Howard J. Rubenstein, spokesman for owner George Steinbrenner, said, "The New York Yankees support Commissioner Bud Selig, and beyond that will have no further comment."

Selig had been deliberating since May 23, when Giambi met with
lawyers from Major League Baseball. Selig will take Giambi's level
of cooperation into account.

"Any admission regarding the use of illegal
performance-enhancing substances, no matter how casual, must be
taken seriously," Selig said. "It is in the best interests of
baseball for everyone, including players, to cooperate with Senator
Mitchell in his investigation.

"Discipline for wrongdoing is important, but it is also
important to create an environment so players can feel free to
honestly and completely cooperate with this important

Mitchell, a former Senate Majority Leader, has been
investigating steroids since he was hired by Selig in March 2006. He wouldn't discuss Selig's statement, saying only: "This matter is being handled by the commissioner's office."

Giambi told a federal grand jury in December 2003 that he used
steroids and human growth hormone, the San Francisco Chronicle
reported in December 2004. Before the start of spring training in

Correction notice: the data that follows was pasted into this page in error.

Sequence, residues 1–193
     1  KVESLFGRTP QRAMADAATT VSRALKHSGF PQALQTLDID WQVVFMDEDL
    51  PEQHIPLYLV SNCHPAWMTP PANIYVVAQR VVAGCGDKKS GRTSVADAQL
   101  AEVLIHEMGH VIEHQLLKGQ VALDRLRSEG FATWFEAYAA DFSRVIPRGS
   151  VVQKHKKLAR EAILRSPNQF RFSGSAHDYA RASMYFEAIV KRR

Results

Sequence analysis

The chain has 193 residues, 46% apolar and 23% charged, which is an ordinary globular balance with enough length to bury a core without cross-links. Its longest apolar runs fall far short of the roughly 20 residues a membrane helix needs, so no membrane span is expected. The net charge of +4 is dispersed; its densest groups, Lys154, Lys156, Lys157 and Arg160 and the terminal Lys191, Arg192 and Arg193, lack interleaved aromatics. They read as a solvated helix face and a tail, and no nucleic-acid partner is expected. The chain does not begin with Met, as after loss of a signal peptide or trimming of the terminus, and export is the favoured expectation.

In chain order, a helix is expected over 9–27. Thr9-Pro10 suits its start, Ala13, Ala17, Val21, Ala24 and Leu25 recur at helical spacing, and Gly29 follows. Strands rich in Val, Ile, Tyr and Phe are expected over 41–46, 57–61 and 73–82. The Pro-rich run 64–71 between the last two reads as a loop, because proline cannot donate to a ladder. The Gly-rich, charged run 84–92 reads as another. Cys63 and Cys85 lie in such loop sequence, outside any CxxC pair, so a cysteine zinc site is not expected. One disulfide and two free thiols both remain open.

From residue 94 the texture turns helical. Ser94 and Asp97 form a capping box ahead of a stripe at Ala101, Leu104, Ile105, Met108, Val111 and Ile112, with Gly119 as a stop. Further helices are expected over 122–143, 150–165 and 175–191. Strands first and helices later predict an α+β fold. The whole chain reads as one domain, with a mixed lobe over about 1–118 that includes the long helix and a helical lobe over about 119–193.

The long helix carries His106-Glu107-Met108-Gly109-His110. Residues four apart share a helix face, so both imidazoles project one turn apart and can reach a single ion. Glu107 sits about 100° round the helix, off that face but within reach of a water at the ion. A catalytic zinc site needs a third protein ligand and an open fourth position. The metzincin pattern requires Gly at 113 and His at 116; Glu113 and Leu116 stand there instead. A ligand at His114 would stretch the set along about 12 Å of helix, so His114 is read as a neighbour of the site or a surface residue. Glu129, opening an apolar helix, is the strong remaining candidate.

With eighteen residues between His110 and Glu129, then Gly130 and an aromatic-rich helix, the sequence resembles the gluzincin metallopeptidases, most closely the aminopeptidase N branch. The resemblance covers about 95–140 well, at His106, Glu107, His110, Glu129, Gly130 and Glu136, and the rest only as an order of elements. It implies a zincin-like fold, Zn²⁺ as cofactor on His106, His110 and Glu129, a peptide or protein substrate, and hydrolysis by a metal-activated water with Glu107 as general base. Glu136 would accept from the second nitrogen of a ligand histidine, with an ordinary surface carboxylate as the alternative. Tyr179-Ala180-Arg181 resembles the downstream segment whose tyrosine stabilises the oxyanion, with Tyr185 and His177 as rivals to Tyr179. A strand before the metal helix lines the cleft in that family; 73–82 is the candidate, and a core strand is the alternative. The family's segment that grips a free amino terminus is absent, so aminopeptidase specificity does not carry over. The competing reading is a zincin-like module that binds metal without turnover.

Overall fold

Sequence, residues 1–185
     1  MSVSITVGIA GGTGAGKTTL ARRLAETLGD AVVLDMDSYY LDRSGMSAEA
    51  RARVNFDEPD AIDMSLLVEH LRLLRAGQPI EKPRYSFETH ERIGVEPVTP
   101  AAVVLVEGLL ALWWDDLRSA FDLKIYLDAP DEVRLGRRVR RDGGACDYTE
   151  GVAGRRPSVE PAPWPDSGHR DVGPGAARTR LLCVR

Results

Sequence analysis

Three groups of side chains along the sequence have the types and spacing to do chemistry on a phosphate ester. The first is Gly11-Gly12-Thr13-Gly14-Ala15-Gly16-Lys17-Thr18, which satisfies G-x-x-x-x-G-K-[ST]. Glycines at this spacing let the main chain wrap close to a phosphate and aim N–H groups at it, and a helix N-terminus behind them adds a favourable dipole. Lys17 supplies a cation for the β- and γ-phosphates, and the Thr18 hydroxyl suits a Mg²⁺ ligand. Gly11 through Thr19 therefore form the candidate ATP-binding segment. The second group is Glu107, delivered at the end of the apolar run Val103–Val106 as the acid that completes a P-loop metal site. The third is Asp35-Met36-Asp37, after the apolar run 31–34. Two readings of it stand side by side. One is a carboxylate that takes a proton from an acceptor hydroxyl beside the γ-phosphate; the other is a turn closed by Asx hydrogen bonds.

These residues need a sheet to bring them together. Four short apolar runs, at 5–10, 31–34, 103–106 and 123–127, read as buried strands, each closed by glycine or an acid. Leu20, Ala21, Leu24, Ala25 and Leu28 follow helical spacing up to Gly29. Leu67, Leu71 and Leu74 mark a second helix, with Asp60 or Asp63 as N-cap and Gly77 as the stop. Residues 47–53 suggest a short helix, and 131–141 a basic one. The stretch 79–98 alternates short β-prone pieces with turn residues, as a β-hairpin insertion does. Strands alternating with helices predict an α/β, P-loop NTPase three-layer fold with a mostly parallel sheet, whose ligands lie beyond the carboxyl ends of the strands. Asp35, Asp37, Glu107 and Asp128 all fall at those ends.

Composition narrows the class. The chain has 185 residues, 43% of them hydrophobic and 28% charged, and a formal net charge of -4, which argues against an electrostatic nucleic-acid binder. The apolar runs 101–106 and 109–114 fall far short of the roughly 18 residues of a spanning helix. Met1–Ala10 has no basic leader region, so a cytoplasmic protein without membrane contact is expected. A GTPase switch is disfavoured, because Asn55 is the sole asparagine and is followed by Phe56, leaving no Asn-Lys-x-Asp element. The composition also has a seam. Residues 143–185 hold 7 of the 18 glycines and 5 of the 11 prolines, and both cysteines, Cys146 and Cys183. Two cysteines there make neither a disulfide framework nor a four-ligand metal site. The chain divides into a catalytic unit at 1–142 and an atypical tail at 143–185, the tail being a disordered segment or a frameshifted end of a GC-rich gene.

2005, the former AL MVP made repeated general apologies at a news
conference but never used the word "steroids."

Giambi told USA Today in comments published May 18: "I was wrong for
doing that stuff. What we should have done a long time ago was stand up --
players, ownership, everybody -- and said: 'We made a mistake.' "

According to the union, penalizing Giambi would also be a

"What are you suspending him for? That's the biggest question right now," Myers said. "What are you going to fine him for? Because he did an interview [with USA Today]? Then players will stop doing interviews and Selig doesn't want that."

Pitcher Mike Mussina, the Yankees' player representative, also was critical of the commissioner.

"To say either help us or you're suspended? I don't know," Mussina said before New York's 5-1 victory over the White Sox on Wednesday. "Bud Selig thinks he can do whatever he wants. It's like he is trying to do whatever he can."

Asked if he believed MLB was asking Giambi to be a rat, Mussina replied, "This is the first time I have ever heard of it."

To other Yankee players, Giambi shouldn't be punished for speaking his mind.

"I'm still trying to figure out what he's in trouble for -- freedom of speech?" Yankees outfielder Johnny Damon said. "You can always
go back and get someone in trouble for what they did in the past, whether it's stealing a pack of gum or whatever. It smells fishy. I still don't know what he did wrong by talking."

As the Mitchell probe enters its 15th month, baseball sources told Olney that they estimate the investigation is costing about $2 million a month -- not including legal fees incurred by individual teams as they have sought representation and guidance for themselves and players. Some estimates put that amount in the range of $70,000 to $100,000 per team.

The Associated Press contributed to this report.